The Australian share market has given up its early gains to close lower, despite gold prices surging to a fresh all-time high and coming close to the breaking $US2,000 an ounce.
After being up as much as 0.9 per cent early, the benchmark S&P/ASX200 index finished Tuesday down 23.7 points, or 0.39 per cent, at 6,020.5 points, while the All Ordinaries index closed down 22.8 points, or 0.37 per cent, at 6,146.8.
“There was a lot for investors to take in today, it was like an action-packed night,” said Bell Direct market analyst Jessica Amir.
“There was so much to consider, and as a result, our market was very volatile.”
Among the things traders were considering were rising coronavirus cases in Victoria, the surging gold price and the upcoming release of second-quarter US gross domestic product figures on Thursday, said Ms Amir.
She called this week the most important week for economic data since the start of the pandemic.
Every sector was lower except for telecommunications, which was flat, and materials, which rose 0.87 per cent amid gains by iron ore miners.
BHP climbed 1.7 per cent to $38.05, Fortescue Metals rose 3.2 per cent to an all-time high of $16.89 and Rio Tinto added 1.2 per cent to $104.11 after reporting a new zone of gold mineralisation near its Winu deposit in WA, and ahead of its announcement of first-half results on Wednesday.
Goldminers were subdued after days of strong gains, even as the precious metal traded as high as $US1,981 an ounce, up from $US1,517 at the start of the year.
“It’s breathing down the neck of two thousand (dollars) at the moment,” Ms Amir said.
Newcrest gained 0.1 per cent, while Evolution and Northern Star were both down around one per cent.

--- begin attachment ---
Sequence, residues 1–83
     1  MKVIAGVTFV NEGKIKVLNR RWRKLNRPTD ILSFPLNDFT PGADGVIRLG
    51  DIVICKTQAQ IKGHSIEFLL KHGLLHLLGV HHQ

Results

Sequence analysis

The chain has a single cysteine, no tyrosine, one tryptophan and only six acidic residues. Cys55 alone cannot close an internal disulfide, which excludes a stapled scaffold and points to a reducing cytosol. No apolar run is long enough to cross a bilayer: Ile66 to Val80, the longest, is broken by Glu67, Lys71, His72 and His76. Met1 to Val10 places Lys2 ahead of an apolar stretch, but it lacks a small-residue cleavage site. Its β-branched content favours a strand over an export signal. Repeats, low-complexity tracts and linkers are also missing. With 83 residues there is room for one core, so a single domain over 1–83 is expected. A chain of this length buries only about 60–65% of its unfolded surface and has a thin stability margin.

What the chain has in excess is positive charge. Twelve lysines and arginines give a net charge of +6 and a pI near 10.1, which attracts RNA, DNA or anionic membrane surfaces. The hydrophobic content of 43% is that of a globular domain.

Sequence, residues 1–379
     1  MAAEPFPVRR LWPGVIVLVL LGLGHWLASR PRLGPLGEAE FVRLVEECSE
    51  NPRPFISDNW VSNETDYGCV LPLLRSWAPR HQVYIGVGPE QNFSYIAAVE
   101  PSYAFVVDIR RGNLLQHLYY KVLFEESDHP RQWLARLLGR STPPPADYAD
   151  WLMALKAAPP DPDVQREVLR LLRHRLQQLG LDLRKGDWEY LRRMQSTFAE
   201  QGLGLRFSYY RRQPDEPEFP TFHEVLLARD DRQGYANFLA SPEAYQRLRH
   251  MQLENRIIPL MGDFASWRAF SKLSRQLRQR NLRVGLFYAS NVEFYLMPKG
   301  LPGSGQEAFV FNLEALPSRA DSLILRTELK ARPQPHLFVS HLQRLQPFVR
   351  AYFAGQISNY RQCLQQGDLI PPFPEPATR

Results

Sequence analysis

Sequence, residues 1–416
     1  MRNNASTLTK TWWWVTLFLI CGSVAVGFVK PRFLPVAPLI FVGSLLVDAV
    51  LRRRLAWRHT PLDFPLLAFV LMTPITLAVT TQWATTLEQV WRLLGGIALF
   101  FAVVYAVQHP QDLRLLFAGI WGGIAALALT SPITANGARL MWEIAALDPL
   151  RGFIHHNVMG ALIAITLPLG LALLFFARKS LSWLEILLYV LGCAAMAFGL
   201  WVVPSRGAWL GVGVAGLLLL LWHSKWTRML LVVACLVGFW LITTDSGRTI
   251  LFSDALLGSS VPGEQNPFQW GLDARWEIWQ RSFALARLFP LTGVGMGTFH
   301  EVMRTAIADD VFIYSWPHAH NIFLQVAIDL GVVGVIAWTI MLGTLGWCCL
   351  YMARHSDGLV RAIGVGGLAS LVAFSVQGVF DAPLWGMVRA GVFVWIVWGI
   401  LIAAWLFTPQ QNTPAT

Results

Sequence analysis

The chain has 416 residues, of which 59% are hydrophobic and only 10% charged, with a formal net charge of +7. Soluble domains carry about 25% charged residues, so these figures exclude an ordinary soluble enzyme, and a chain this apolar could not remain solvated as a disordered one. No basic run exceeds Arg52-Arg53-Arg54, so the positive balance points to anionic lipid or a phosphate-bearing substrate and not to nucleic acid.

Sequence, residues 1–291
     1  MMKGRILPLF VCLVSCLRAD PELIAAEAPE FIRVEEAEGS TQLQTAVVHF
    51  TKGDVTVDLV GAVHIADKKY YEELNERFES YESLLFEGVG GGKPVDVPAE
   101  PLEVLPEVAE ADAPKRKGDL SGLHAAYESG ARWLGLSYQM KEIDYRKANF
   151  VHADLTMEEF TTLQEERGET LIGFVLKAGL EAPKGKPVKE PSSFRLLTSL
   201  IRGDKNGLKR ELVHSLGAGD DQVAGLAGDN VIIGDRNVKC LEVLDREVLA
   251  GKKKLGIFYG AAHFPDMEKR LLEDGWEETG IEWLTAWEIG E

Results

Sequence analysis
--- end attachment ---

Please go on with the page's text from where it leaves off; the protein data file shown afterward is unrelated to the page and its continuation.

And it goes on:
Elsewhere, blood products giant CSL dropped 1.2 per cent to $272.20.
All the big banks were lower, with ANZ down 0.9 per cent to $18.07, NAB dipping 0.3 per cent to $17.90 and Commonwealth Bank drooping 0.4 per cent to $72.21.
Westpac was the worst-performing major bank, falling 1.5 per cent to $17.46 after the lender disclosed more than 500,000 additional transactions to Australia’s financial crime watchdog in relation to a money laundering and child exploitation scandal.
Credit Corp gained 8.8 per cent to $18.37, its best level in a month and a half, after the debt collector announced it had made $15.5 million in full-year profit, slightly better than the unaudited results it estimated two weeks ago.
Pinnacle Investment gained 10.9 per cent to a four-month high of $4.88 on broker upgrades, while fellow fund manager Perpetual resumed trading down 5.1 per cent to $31.91 after the completion of a $225 million institutional placement.
Takeover target Village Roadshow gained 14.1 per cent to $2.23 after extending its exclusivity period for discussions with BGH Capital for a third time.
Temple & Webster jumped 5.8 per cent to $8.23 after the online furniture trader said full-year revenue jumped 74 per cent.
There was a 130 per cent increase in fourth-quarter revenue as many customers purchased homewares online for the first time amid coronavirus restrictions.
The Australian dollar meanwhile was buying 71.30 US cents, down slightly from 71.32 cents from Monday’s close.
ON THE ASX
* The benchmark S&P/ASX200 index on Tuesday closed down 23.7 points, or 0.39 per cent, at 6,020.5 points
* The All Ordinaries closed down 22.8 points, or 0.37 per cent, at 6,146.8 points
* At 1732 AEST, the SPI200 futures index was up six points, or 0.1 per cent, at 5,992 points
One Australian dollar buys:
* 71.30 US cents, from 71.32 US cents on Monday
* 75.20 Japanese yen, from 75.29 yen
* 60.79 euro cents, from 60.97 cents
* 55.43 British pence, from 55.69 pence
* 107.25 NZ cents, from 106.93 cents.